Prodigy is also electronic based, although they are much more "band-like" than Crystal Method, and have a more hardcore/ punk/ industrial/ rave kind of sound. The two singing guys, Keith Flint and Maxim Reality, are truly a couple of freaks (and I mean that in the most affectionate of ways), and they never stopped moving, screaming, and arm flailing (kind of like Lily). It was a really good show. Pete and I pushed our way onto the floor even though we had seats; the shows are just so much better when you're right in the middle of the insanity. But it did make me painfully aware of how, well, not young I am. Here I am, 37 years old, jumping up and down and getting stepped on, shoved, fondled and just generally having my personal space invaded by a bunch of punk-ass kids while screaming along with a band who's best known song is called "Smack My Bitch Up". There were glow sticks a-flying and people slam dancing (is that even what they call it anymore?) and a couple chicks crowd surfing and all I could think of was, "please be careful of my lactating boobies! I need to be able to go home and feed my precious angel!" It was just striking to me how different my maternal lifestyle is from this one. Eventually I had to step out of the pit and get some air and get away from all the sweaty, stinky bodies pressed up against me (ewww). If only you could have a little bubble of, say, 6 inches of air conditioned personal space with piped in fresh air to wear around you, then it would be OK. Like a Disney character suit or something. So I lamed out, but I did make it through most of the show. Pete, on the other hand, took full advantage of my leaving to push his way right up the the front for the last two songs (talk about opposite lifestyles. This is a man who manages 27 or so people and is considered to be a bit of a curmudgeon (I love that word) among his employees.)

(Super Freak Keith Flint of The Prodigy)

This video really gives a sense of the chaos that is a Prodigy concert:

Last up was Nine Inch Nails and Jane's Addiction. This one was at a real concert amphitheater, as opposed to a club. We ended up going with my cousin Shaun, which is really random because he lives in San Diego. He happened to be in the area for training and when he heard we were going, he got himself a ticket, too. The totally unfair thing was that we'd bought our tickets months ago and got crappy seats. He bought his the day of the show and was in, like, the third row. Not kidding. Dave Navarro (guitar player for Jane's) was practically sweating on the him. Shaun's seats were so good that he used up all of his phone's power taking dozens of photos. Because of this, his phone died and we spent an hour trying to find him after the show. We were planning on leaving without him, assuming that his incredible Cali-luck and close proximity to the bands had gotten him backstage (and even closer to Trent, Perry and Dave). Damn you Shaun!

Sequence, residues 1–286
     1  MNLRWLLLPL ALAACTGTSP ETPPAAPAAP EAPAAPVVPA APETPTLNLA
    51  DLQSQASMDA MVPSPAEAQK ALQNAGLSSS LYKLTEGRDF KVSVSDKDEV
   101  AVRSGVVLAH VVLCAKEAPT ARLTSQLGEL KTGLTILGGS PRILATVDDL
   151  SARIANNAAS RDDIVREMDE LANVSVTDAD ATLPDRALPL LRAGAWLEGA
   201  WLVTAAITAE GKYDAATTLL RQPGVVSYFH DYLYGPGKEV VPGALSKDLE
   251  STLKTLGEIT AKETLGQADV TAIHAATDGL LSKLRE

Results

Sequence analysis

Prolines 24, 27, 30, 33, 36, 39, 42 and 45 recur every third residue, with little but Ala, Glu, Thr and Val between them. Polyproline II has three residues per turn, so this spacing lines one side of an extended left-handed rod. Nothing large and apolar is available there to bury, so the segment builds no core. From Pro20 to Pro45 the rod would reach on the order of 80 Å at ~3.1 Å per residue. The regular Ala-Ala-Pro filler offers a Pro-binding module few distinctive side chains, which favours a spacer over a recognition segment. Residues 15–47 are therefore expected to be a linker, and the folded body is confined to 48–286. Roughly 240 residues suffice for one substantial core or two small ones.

So NIN was a little disappointing in that they only played 4 or 5 songs that I recognized. We're not die-hard fans, but we do own several of their albums, including what I thought was the most recent one, so I don't know where they pulled all these obscure songs from, or why. Jane's more than made up for it, though. They could not have been better. They were still very tight as a band, had a ton of energy, sounded great, and played all their hits. They opened with our favorite song, "3 Days", and I was worried that after that the rest would be anticlimactic, but the whole show was amazing. The highlight for me was the first encore, which was "Summer Time Rolls". It's a song that has a lot of personal sentiment for Pete and I. For our wedding reception we had picked out seven favorite, meaningful songs to be played throughout the night. Whenever one of those songs played, we stopped what we were doing long enough to look around and take it all in and enjoy the moment (knowing that the whole evening would fly by in a blur). "Summer Time Rolls" was one of those songs. It was very timely, the concert being 5 days before our seventh wedding anniversary. It was the perfect end to the perfect music trifecta.

(Dave Navarro is the bomb! This picture was taken by Shaun,
from his amazing seat.
Lucky bastard. No photos from our seats,
as Dave Navarro would be an itty-bitty ant.)
  • I was going to end this post here, but I felt like something was missing, like I hadn't quite captured what these shows meant to me or how they felt. I realized what I didn't mention, what was missing... the best part, really, which was the time spent reconnecting with my honey. Life gets so busy with kids and work and errands and house projects, and while you don't necessarily forget about why you fell in love with this person, you do maybe get a little bit distracted from it. It was nice to go out and do the things we did when it was just about the two of us. When we were allowed to be selfish and self indulgent. I'm proud of us for taking this time for us, and for going out and not acting our ages. Much like those seven songs at our wedding, it made me stop and look around and appreciate it all. I am still madly in love with the man that I married. We are still connected after seven years. We still share the same sense of humor, taste in music, and appreciation for the absurd and ironic. We are still best friends, first and foremost. We've still got it, Baby. Happy Anniversary.